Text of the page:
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£6.2 billion late payment debt leaves South East SMEs out of pocket

30 Mar 2017

Small and medium-sized enterprises (SMEs) across Kent, Surrey and Sussex are owed a staggering £6.2 billion in late payment debt, analysis by law firm DMH Stallard has found. The total across the UK is an eye-watering £26.3 billion.

Research by the payment services company Bacs revealed that 47% of SMEs have clients and customers who flout agreed payments terms leaving firms, on average, out of pocket to the tune of £32,185. When this is multiplied by Office for National Statistics figures on the numbers of SMEs across the South East, a picture of how the amount companies in each area are owed emerges.

The implications are far reaching, with the Bacs research finding 32% of SMEs saying that they were forced to delay paying their own suppliers and 12% saying they had trouble paying their own staff because of late payments.

The list below shows the breakdown of late payment debt for the South East:

Kent =   £1,896,983,900bn                           (58,940* SMEs)

Surrey = £2,032,160,900bn                          (63,140* SMEs)

East Sussex = £726,093,600m                      (22,560* SMEs)                

West Sussex =   £1,135,004,025bn               (35,265* SMEs)

Brighton = £423,876,450m                           (13,170* SMEs)

*Office for National Statistics 2016 figures

In a bid to tackle the problem the government has introduced new regulations that come into force on April 1.

Kelly Mills, Partner at law firm DMH Stallard and a specialist in commercial dispute resolution, said:

“Being paid promptly for many of these SMEs can be the difference between thriving and dying.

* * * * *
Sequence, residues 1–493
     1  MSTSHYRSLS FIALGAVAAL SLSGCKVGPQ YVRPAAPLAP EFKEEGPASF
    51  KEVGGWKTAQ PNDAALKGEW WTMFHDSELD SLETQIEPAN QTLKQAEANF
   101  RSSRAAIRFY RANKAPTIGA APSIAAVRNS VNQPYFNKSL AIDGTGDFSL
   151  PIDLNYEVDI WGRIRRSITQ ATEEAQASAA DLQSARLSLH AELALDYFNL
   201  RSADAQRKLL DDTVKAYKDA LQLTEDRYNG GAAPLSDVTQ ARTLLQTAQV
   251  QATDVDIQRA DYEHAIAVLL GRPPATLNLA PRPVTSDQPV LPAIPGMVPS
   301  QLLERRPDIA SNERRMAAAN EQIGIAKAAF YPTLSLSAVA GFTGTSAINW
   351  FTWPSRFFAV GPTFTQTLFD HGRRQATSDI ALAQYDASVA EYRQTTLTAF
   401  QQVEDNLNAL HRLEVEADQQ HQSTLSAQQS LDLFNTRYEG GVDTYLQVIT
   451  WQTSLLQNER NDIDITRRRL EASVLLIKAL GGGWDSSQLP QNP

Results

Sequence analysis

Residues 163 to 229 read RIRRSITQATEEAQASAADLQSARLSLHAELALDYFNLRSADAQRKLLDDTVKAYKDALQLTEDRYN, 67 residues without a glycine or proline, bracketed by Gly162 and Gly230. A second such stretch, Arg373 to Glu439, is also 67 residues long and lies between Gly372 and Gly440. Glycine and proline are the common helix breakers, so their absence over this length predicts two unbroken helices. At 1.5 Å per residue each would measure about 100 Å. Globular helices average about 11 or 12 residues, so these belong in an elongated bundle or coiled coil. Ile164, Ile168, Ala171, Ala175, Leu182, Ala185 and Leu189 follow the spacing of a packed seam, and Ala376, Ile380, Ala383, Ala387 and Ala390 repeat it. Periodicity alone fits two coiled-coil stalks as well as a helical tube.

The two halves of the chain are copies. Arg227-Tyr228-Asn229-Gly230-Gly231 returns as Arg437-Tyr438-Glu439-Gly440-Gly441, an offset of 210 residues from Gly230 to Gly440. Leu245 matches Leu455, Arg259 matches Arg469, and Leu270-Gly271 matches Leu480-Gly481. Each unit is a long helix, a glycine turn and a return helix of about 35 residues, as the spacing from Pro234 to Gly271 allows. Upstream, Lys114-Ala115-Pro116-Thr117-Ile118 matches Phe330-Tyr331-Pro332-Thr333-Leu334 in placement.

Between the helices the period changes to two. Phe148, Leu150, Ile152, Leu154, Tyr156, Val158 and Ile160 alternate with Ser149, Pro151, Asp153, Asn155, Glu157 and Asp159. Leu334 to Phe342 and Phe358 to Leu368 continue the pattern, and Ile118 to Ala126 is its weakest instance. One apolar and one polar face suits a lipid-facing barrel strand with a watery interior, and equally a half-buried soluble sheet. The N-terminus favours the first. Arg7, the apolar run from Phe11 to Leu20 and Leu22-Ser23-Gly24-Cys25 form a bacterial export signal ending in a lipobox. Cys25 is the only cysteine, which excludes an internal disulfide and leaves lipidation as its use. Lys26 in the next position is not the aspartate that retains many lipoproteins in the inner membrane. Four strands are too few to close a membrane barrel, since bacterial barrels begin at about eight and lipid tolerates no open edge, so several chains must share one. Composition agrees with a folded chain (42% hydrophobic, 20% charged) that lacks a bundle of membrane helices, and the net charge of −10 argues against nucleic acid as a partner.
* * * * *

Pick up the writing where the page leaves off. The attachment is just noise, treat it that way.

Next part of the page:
“It’s tough enough to run a successful business without having to spend inordinate amounts of time also chasing customers for payment.

“The new rules brought in by the government are to be welcomed and will hopefully bring a positive change to the way SMEs are paid.”

From April 1 large companies and limited liability partnerships will have to publicly report twice a year on their payment practices, including the average time it takes them to pay invoices. 

The Department for Business, Energy and Industrial Strategy is also creating a new role of Small Business Commissioner.

Kelly added: “While many businesses recognise that the practice of late payments is ethically unsound, SMEs can also help combat the problem by using best practice in managing their payment systems.

“It won’t prevent every late payment or bad debt, but by establishing strong protocols for how a business administers its financial relationships, cash flow will improve and the resources needed to chase outstanding bills will be greatly reduced.”

Kelly recommends the following five steps for SMEs wanting to improve their payment systems.

Five steps to help avoid late payments from customers

  1. Credit check your customers

This applies to new and existing customers – do you know their current financial position? This can provide a good indicator of whether you want to do, or continue doing, business with them and on what terms. How much credit, if any, do you want to extend?

  1. Agree clear payment terms

Knowing what payment terms are in place is key to managing cash flow and debt. When is payment due? What sanctions are in place in the event of overdue payment?

  1. Invoice promptly

Seventy-one per cent of businesses who claim not to have issues with late payments attribute this to robust invoicing practices. The longer it takes to invoice, the longer it will take to get paid, so why wait? Is it possible to send the invoice by e-mail, for example, to avoid unnecessary delay?

  1. Make payments easier for customers

Consider offering on-line payments or direct debits, where appropriate. The easier it is to make payment, the more likely it is that payment will be made promptly.

  1. Monitor and chase debt

Keep a record of when payments are due. As soon as an invoice becomes overdue for payment, make contact with the customer – one in five businesses cite the reason most often given by customers for late payment is that the invoice has simply been forgotten, so a simple reminder may be enough to prompt payment. Furthermore, making contact with customers can also provide an early indication of issues which may be a barrier to payment.

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